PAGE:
Venus in Fur

No, not “Venus in Furs” !

It is  “Venus in Fur” without the ‘s’.

It is not a play of the book. Well it is, indirectly.

This is a stage play – and a film now – about a stage director who is auditioning actresses for his own adaptation of the book “Venus in Furs”, and almost in despair of never finding the right one, allows a final audition to an outwardly trashy actress, who not only surprises him by her amazing acting  as the play progresses , but also completely turns his life around.

Confused yet? I was when I first heard of the play. Like many outside the theatre-going public it was when film director Roman Polanski announced he was going to produce his own adaptation in a French translation, with his wife Emmanuelle Seigner and Mathieu Amalric in the lead roles. I naturally assumed it was a dramatisation of the book itself. In fact there are only two actors in the entire play so when I first read about it and then later saw the stills from the movie I was admittedly cool about it.
After all, how could the whole of Venus in Furs be dramatised on stage with only two actors?

Of course I did not make the distinction.

But people kept asking me what I thought of the film (because of my translation and illustrations I was now thought of as some authority, maybe) so in the end I relented, thinking I had to base an opinion and so I sat grimly through the first few minutes. Rather like the director on stage Thomas Novachek (not the director of the play itself, by the way) who gradually warms to the personality of actress Vanda Jordan, I warmed to the script as I realised that the play’s author David Ives really understood the book itself and I started to enjoy the way the two characters reacted to each other and was thoroughly won over as the film ended.

So when the play finally came to Theatre Royal Haymarket in London I was enthusiastic to see it. In company with Mistress Tess and her admirer, we saw Natalie Dormer as Vanda and David Oakes as Thomas in a production directed by Patrick Marber. I was pleased at last to hear it in English instead of subtitled from the French film and it quite lived up to my expectations. Lots of great comic and insightful moments that really reflected the whole dynamic between Severin and Wanda in the original book. On speaking to other mistresses I learnt how it had affected them:-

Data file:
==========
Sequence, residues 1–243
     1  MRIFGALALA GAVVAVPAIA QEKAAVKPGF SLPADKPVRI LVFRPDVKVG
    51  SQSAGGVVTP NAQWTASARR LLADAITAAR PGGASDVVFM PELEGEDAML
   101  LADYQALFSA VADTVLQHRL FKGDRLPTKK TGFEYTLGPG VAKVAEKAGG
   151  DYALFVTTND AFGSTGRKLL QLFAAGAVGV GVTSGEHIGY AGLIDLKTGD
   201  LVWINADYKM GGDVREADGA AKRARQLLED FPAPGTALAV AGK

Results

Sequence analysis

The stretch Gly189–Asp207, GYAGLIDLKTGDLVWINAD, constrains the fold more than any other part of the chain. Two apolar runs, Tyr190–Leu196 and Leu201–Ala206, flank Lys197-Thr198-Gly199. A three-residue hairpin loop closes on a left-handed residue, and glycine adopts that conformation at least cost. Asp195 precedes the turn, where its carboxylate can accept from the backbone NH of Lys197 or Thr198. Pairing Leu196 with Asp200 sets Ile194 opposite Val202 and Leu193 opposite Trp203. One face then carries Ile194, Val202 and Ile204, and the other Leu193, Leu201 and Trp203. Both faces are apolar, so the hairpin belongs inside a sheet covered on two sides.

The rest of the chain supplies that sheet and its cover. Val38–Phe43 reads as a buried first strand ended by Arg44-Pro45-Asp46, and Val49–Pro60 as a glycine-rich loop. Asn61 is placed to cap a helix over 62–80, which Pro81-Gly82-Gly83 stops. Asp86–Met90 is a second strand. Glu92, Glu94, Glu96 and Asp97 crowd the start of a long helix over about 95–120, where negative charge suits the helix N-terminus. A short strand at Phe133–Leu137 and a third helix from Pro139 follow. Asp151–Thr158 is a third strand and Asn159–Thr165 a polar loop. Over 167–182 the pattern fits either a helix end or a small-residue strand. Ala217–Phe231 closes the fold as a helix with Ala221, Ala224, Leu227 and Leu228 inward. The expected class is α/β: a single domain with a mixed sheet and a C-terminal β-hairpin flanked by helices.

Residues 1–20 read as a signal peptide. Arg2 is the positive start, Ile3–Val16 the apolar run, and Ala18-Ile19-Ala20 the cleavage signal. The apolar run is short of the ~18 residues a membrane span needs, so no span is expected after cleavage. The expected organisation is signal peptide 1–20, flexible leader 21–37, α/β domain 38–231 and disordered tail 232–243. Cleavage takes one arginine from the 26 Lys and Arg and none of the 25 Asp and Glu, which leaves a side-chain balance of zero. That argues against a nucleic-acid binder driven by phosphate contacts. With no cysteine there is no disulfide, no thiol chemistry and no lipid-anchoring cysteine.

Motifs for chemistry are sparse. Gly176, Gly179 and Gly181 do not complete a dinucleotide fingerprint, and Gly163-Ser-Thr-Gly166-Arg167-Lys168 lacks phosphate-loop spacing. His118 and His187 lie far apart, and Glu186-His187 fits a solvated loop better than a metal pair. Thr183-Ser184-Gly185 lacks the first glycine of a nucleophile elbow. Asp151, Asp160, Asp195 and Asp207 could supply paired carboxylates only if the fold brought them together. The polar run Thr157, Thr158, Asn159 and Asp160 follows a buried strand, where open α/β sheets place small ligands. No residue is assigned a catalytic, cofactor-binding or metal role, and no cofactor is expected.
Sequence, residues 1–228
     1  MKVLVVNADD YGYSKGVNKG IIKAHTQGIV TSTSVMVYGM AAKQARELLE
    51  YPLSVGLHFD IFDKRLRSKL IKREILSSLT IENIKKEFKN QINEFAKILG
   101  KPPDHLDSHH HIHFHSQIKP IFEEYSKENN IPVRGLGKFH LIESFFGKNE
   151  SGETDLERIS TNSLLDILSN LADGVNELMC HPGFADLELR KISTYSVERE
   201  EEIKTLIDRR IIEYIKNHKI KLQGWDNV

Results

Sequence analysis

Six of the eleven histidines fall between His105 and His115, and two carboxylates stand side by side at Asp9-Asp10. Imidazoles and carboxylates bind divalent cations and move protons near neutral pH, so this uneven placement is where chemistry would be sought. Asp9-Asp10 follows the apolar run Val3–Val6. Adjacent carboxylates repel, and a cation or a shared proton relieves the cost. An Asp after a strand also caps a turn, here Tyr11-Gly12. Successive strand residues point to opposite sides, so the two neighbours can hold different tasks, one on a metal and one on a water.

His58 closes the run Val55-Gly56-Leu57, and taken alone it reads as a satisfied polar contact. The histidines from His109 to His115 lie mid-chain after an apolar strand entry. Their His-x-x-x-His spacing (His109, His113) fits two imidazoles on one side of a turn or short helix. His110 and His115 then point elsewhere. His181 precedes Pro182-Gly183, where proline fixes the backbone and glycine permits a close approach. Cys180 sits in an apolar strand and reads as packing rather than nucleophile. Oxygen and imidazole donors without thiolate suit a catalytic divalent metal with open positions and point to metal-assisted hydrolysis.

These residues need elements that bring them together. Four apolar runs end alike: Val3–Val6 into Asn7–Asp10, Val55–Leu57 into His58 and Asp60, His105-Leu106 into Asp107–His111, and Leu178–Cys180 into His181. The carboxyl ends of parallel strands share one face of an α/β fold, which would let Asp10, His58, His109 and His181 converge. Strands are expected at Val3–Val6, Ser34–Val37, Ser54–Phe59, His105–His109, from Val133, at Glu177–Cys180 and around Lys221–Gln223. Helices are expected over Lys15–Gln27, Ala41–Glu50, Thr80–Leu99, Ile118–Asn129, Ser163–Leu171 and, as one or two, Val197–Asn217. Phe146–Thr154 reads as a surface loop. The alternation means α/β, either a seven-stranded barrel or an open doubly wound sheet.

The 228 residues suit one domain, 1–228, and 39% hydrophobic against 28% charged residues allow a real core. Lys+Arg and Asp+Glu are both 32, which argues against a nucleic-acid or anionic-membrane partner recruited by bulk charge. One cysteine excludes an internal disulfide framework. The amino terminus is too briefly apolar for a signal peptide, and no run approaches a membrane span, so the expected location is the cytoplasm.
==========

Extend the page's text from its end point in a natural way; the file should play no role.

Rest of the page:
Mistress Harpsichord  “Venus in fur genuinely moved me to tears. There was something so powerful about the performance that I struggle to put into words. It was honest, relateable and devastatingly beautiful.”

Lady Lola “I adored Venus in Fur, it came as no surprise as I am a big fan of the movie.Incredible performances and overall tone. Close to the bone on many occasions but all done with a playful dialogue.”

Any reader of this blog who is interested in femdom (and isn’t that all of you?) is encouraged to beg, steal or borrow a ticket!

The London run continues until December 9th.

See the Play Website

Thrones

The throne is a recurring motif in much of my art.

One of the first line drawings I made as Sardax was this goddess on a throne. This was actually sold as a limited run of postcards at the Skin Two shop back in the early nineties – if you bought one then you’re lucky ! Throughout the years the depiction of the mistress in her throne has been a useful way of displaying her regality and authority, raised up above her slaves , looking down . In this selection of portraits there are different types-some elaborate, some simple:-

Portrait of Maitresse Renee


Mistress Akella with the ermine


Laylah from Snake portraits

 

Reminiscences of Wicked Old Soho

This nostalgic post will not mean much to most people – except perhaps to men of my generation who had to live through such a deprived era and have seen how the Internet has changed everything we know.

sohomapNow in my sixties I am sitting outside a cafe on Old Compton St in London’s notorious Soho district. Or it least it was notorious. Today, much like Times Square in New York – as I understand – it is completely cleaned up and un-notorious with only a few shops remaining of the once prevalent sex trade, now mostly catering for the gay pound. It changed not through any heavy legal crack-down but, like a lot else, through the changes brought by the onset of the Internet removing the need to go out to buy porn magazines, books and movies.

Over thirty years back it was completely different. Then I would never have sat outside a cafe and would have been very cautious of even coming in by daylight – but then I had a guilty conscience. A shopping trip to Soho was a furtive affair usually made under cover of darkness, armed with a shoulder bag, and planned with a clear itinerary so as to quickly move in and out of doorways.